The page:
“Rare earth elements” (REEs) refers to a group of seventeen unique chemical elements: the lanthanides, which are comprised of fifteen elements, plus scandium and yttrium which are grouped alongside the lanthanides on account of their similar physical and chemical properties”.

Lanthanides or rare earths are often divided into two subgroups based on atomic weight: Light Rare Earths (Lanthanum, Cerium, Praseodymium, Neodymium, Promethium, and Samarium) and Heavy Rare Earths (Europium, Gadolinium, Terbium, Dysprosium, Holmium, Erbium, Tulium, Ytterbium and Lutetium), to which are added scandium and yttrium for their similar properties.

Importantly, the unique chemical and physical properties of Lanthanides have positioned them as a critical material in a number of rapidly evolving markets and industrial applications.


Lanthanides are present in most of the devices that we use on a daily basis: they are used in the development of our smartphones, computers, tablets and more fundamentally they are key elements in the development of electromobility, since they are used in the manufacture of vehicles hybrid and electric. Furthermore, these minerals are used to create wind turbines, solar panels, lasers, and various machines and medical treatments, among others. All of the above makes them the most strategic minerals in the world today.

Rare Earth Magnet

It should be noted that the main application of these elements is through the so-called Rare Earth Magnets, a powerful permanent magnet made with alloys of these elements. There are two main types: neodymium magnets and samarium-cobalt magnets.

These are currently the strongest type of permanent magnet, producing significantly stronger magnetic fields than other types such as ferrite or alnico magnets.


Lanthanides have many scientific and industrial uses. Its compounds are used as catalysts in the production of petroleum and synthetic products, but also in film projectors and X-ray intensifying screens.

Below, we share other of the many uses of Rare Earths:

  • Petrochemical processes
  • Hard drives
  • CD players
  • Televisions and screens (green is produced with terbium and red with europium)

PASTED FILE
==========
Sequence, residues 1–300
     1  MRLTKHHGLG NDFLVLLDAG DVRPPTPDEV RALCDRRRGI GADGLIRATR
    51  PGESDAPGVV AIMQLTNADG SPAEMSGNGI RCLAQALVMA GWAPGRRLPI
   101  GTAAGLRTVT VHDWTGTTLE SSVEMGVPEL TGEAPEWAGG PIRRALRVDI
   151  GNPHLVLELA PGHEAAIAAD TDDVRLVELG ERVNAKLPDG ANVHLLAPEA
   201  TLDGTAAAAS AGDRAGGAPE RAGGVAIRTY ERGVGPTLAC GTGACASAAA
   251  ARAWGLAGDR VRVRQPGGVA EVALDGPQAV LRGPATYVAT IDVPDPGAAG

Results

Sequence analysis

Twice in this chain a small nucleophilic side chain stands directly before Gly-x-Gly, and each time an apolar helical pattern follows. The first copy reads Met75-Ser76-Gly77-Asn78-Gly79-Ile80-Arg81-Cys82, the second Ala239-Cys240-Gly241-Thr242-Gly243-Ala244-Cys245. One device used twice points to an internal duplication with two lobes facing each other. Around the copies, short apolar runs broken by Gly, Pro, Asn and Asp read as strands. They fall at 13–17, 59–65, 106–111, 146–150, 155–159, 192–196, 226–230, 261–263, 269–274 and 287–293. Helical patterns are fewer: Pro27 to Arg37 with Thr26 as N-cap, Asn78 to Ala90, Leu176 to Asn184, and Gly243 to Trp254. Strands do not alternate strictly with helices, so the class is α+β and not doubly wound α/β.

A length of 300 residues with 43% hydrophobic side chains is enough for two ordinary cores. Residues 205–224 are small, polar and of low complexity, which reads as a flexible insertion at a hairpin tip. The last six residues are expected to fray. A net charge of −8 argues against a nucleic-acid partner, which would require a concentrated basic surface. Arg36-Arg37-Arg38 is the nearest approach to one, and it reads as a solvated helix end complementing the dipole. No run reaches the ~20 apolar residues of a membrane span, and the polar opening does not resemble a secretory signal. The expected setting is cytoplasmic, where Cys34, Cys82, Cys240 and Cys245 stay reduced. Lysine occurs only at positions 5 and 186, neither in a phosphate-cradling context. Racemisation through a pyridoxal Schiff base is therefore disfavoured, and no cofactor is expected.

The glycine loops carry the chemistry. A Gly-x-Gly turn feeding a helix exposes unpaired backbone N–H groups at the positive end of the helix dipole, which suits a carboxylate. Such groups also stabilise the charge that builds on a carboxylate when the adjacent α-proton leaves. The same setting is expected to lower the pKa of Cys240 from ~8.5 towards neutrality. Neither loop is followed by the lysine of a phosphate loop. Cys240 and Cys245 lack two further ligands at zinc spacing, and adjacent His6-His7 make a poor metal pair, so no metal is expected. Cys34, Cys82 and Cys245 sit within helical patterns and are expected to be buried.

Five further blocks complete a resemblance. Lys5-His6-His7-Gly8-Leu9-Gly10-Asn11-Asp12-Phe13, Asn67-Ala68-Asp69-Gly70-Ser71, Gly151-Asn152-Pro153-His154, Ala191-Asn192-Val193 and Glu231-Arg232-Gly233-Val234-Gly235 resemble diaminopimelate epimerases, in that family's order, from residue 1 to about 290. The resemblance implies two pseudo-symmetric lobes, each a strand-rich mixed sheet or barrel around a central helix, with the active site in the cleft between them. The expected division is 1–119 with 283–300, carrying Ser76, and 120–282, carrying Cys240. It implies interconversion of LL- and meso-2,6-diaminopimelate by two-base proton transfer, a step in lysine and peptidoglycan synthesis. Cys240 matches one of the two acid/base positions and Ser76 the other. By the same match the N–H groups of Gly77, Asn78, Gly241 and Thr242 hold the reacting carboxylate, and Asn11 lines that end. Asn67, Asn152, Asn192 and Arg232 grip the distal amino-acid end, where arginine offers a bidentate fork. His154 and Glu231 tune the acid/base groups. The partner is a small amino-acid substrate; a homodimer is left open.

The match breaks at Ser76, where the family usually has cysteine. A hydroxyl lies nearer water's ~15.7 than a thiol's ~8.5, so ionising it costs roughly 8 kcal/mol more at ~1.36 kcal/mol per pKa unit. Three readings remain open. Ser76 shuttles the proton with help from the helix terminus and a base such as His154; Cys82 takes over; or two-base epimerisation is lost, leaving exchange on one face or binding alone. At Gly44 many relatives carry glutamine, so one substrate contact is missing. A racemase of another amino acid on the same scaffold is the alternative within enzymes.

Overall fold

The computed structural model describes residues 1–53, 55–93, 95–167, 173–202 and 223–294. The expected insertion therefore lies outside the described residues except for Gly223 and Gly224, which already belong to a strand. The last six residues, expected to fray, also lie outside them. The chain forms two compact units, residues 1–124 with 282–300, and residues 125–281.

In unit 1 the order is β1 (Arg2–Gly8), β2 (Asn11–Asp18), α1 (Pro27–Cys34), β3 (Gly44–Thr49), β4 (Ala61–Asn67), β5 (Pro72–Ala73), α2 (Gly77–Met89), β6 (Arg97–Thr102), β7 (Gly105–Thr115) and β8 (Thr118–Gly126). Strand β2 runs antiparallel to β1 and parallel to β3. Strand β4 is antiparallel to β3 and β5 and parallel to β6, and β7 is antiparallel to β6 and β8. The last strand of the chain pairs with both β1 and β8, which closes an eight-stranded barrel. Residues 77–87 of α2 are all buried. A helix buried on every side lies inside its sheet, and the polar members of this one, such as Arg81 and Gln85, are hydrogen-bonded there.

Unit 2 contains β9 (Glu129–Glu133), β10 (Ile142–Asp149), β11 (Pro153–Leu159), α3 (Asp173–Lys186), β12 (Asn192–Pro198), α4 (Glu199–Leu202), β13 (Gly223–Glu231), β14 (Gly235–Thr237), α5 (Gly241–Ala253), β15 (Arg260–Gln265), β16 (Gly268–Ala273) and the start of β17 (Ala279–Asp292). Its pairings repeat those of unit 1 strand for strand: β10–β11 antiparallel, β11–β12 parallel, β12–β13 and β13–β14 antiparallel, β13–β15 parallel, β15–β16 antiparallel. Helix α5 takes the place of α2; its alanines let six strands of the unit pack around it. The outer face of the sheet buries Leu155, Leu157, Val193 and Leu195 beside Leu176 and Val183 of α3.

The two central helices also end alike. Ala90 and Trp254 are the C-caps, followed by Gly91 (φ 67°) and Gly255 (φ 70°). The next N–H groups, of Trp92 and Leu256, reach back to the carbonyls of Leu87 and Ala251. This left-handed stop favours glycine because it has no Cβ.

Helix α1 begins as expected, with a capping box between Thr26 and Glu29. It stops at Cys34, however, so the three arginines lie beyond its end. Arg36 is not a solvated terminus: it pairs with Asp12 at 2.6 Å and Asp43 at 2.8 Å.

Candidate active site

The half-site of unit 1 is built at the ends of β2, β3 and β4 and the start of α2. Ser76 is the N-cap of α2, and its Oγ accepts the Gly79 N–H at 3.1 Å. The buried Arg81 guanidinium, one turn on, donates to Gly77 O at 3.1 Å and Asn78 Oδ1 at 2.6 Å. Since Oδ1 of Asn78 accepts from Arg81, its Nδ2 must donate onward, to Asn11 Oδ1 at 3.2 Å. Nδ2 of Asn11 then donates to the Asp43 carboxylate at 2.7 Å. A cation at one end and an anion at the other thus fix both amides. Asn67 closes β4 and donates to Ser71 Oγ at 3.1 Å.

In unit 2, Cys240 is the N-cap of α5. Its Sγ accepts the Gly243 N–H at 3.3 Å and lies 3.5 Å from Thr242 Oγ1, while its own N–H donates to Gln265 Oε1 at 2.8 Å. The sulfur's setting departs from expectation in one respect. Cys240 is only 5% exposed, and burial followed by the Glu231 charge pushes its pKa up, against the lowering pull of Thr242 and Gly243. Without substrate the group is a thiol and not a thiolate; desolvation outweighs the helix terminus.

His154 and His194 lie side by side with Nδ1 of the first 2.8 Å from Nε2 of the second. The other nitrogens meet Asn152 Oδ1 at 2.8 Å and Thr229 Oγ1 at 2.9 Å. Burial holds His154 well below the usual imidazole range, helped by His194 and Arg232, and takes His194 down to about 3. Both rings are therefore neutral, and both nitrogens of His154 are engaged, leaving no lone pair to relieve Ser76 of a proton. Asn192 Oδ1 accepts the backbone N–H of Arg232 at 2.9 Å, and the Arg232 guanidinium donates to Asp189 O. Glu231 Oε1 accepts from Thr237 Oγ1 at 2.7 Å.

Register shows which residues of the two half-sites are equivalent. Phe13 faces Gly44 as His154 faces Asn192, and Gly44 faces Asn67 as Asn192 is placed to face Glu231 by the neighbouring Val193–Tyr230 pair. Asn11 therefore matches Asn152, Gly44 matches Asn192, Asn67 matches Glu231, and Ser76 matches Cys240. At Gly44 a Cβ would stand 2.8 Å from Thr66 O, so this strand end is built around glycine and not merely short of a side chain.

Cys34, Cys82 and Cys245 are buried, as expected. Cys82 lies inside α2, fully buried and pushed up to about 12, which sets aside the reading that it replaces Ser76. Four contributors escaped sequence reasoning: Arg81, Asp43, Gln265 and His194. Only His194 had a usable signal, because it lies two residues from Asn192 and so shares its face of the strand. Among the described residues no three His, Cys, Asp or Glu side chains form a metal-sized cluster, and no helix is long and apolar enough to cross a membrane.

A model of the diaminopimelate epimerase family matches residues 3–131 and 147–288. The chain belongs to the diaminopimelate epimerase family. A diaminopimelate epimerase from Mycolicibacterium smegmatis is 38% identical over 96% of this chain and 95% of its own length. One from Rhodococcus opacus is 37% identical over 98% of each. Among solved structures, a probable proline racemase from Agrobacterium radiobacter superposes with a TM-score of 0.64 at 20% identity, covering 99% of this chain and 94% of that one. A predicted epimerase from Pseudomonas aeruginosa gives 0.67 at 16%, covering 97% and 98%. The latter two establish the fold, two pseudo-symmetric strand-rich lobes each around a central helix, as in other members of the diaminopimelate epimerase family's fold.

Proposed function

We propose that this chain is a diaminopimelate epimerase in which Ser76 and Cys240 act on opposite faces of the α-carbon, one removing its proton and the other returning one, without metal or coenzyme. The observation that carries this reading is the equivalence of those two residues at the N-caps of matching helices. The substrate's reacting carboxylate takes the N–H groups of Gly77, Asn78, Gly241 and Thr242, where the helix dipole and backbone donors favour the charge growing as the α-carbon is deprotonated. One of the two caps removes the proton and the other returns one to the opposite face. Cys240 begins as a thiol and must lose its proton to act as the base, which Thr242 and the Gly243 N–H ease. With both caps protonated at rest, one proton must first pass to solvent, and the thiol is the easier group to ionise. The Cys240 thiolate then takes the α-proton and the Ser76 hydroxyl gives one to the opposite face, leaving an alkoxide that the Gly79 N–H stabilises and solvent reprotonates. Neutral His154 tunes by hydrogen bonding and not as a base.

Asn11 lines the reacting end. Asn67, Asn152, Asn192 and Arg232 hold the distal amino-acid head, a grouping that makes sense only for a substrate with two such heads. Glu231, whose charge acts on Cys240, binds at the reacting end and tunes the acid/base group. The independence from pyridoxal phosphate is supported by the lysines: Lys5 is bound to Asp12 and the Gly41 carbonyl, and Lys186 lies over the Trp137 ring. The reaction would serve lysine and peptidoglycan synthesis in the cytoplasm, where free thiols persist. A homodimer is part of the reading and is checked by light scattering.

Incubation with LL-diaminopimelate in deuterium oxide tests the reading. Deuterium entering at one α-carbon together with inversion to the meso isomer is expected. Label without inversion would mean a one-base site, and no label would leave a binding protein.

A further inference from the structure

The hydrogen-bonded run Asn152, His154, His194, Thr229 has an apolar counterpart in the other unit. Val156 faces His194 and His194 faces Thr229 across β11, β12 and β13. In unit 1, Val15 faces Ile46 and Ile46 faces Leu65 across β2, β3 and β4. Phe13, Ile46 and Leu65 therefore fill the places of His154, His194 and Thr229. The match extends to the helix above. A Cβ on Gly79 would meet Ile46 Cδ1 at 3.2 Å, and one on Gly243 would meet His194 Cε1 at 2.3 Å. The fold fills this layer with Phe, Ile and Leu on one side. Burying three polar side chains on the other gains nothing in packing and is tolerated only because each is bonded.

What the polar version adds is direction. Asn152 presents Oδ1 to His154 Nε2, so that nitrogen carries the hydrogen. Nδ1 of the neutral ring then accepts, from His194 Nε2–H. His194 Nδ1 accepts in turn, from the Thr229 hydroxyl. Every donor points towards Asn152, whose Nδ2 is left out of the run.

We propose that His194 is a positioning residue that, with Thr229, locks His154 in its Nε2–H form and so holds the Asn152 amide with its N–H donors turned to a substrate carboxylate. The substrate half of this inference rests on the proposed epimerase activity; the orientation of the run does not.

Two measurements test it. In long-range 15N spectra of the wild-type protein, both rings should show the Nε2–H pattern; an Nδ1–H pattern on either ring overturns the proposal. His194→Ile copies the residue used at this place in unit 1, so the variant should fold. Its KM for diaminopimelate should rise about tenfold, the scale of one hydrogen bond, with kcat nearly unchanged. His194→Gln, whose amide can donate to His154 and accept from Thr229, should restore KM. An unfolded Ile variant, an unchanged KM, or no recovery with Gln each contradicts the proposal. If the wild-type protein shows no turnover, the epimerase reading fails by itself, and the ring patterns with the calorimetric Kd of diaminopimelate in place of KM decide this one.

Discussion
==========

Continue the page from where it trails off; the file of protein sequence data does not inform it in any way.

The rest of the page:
• Banknote authenticity
  • Decor
  • illumination
  • Haute couture (replacement of plastic buttons with neodymium parts)
  • Optics and polishing of glasses and crystals
  • LED lamps
  • Optical fiber
  • Cathode tubes
  • Magnetic resonance imaging for diagnosis
  • Microphones
  • Radars
  • Planes, ships and submarines

It should be noted that some Rare Earth applications are still under experimentation. Despite this, it is a reality that today they are technologically vital elements and a source of human well-being, considering their various uses.

Source: Scielo


Rare earths demand is driven, in large part, by two of the fastest-growing sectors on the planet: energy and high technology.

In the energy square, neodymium, praseodymium, and dysprosium are used in the manufacturing of rechargeable batteries, hybrid/electric cars, and wind turbines.

Cerium and lanthanum are used in fluid cracking catalysts and catalytic converters. In the high tech sector, elements like europium and yttrium are used in flat panel displays, lasers and radars.

Neodymium, praseodymium, yttrium, europium and terbium have substitutes but they are not as effective and other elements have none at all in specific applications. Unlike base metals, new applications are also being constantly developed for rare earths given their unique attributes.

Considering the above, it is expected that in the medium term:

  • Demand for permanent magnets will increasing due to emerging green technologies for wind turbines and electric / hybrid vehicles, leading to strong growth in praseodymium and neodymium.
  • The demand for neodymium, praseodymium and dysprosium will grow strongly until 2020. From 2020 to 2025 the growth rate of world demand will accelerate, which will translate into a significant increase in annual demand by 2025. This increase will only it can be supplemented by continuous and accelerated development of new mines.
  • The demand for NdFeB magnets in end-use products such as windmills, electric motors, electric bikes, and external hard drives will increase significantly – Source: Adamas Intelligence.
  • The global market for lanthanide magnets is expected to grow at a compound annual rate of 13.2% to reach $ 41.41 million in 2022 – Source: Infoholic Research.

Image: BioLantanidos Rare Earth Concentrate